Ballinger principal Louis A. Meilink, Jr., AIA, ACHA, ACHE was invited to speak at the spring 2018 Architecture-For-Health Lecture Series at Texas A&M University. The televised series “Innovative Healthy Communities’,” invites experts to discuss the built environment’s effect on the health of communities. Louis presented ‘How Do We As The Design Community Contribute To Population Health?’ to an audience comprised of undergraduate and graduate students, as well as faculty members. His talk identified key factors that link design and population health, and illustrated them through case studies. Featured projects included Puentes de Salud in Philadelphia, and buildings at Penn Medicine Lancaster General Health, Tower Health System and Rutgers University.

Link to video of presentation

Population Health and the Quadruple Aim

Ballinger participated in this year’s PDC Summit, an international conference and exhibition on health facility planning, design and construction. Ballinger principal Louis A. Meilink, Jr., AIA, ACHA, ACHE, and senior project healthcare planners Christina Grimes, AIA, LEED AP BD+C, EDAC and Debbie Phillips, AIA, ACHA, EDAC presented “Population Health and the Quadruple Aim,” in which they explored how we as the design community contribute to population health. They illustrated the key factors that link design and population health through case studies of Puentes de Salud, Penn Medicine: Lancaster General Health Urgent Care, Reading HealthPlex for Advanced Surgical and Patient Care, and the New Jersey Institute for Food, Nutrition and Health.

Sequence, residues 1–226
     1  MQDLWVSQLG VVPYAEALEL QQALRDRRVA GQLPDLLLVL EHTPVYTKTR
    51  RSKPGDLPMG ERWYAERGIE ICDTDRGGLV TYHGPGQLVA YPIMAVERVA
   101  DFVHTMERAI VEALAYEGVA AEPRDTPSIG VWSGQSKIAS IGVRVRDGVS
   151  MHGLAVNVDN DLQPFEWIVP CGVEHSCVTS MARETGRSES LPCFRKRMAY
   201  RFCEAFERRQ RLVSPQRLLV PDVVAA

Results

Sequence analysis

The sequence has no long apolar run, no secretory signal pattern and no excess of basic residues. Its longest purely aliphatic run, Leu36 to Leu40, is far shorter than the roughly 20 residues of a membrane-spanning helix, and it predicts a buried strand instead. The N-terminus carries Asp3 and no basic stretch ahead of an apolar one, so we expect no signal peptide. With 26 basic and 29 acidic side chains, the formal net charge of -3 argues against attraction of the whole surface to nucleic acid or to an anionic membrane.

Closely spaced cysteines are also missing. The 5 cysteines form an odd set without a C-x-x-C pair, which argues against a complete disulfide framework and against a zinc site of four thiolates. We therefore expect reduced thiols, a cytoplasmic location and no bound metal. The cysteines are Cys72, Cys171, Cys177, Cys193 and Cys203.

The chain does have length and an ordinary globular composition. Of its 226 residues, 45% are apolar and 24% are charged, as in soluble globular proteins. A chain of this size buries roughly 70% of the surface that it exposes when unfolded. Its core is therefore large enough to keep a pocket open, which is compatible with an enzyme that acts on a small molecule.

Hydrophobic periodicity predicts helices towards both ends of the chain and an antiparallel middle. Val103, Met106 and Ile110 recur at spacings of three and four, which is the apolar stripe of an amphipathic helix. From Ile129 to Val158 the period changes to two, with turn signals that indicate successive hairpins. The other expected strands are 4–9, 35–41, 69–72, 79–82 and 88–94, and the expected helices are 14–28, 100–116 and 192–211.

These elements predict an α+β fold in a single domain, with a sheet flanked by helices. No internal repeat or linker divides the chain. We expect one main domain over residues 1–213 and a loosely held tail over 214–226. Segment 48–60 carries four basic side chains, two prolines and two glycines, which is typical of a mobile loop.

A digital poll of the audience, conducted during the presentation, revealed that 69% of respondents view individuals (rather than healthcare providers or policy makers) as having the most impact on population health. The presenters issued a call to action for the design community to employ humanistic design and “the right place” to contribute to population health.

Link to presentation

Beyond Green: Design of the Built Environment and Its Impact on Healthy Communities

On March 19, at this year’s Population Health Colloquium in Philadelphia, Ballinger Associate Principal, Erin Cooper, AIA, LEED AP and Senior Project Healthcare Planner, Christina Grimes, AIA, LEED AP BD+C, EDAC presented their talk entitled “Beyond Green: Design of the Built Environment and Its Impact on Healthy Communities”. Their session explored the significance of design in improving overall wellness for communities and patient care spaces. They illustrated the role design can play within population health using examples from recent Ballinger projects, Penn Medicine, Lancaster General Health, Ann B. Barshinger Cancer Institute; Tower Health, Reading HealthPlex for Advanced Surgical and Patient Care; and Rutgers University, New Jersey Institute for Food, Nutrition + Health.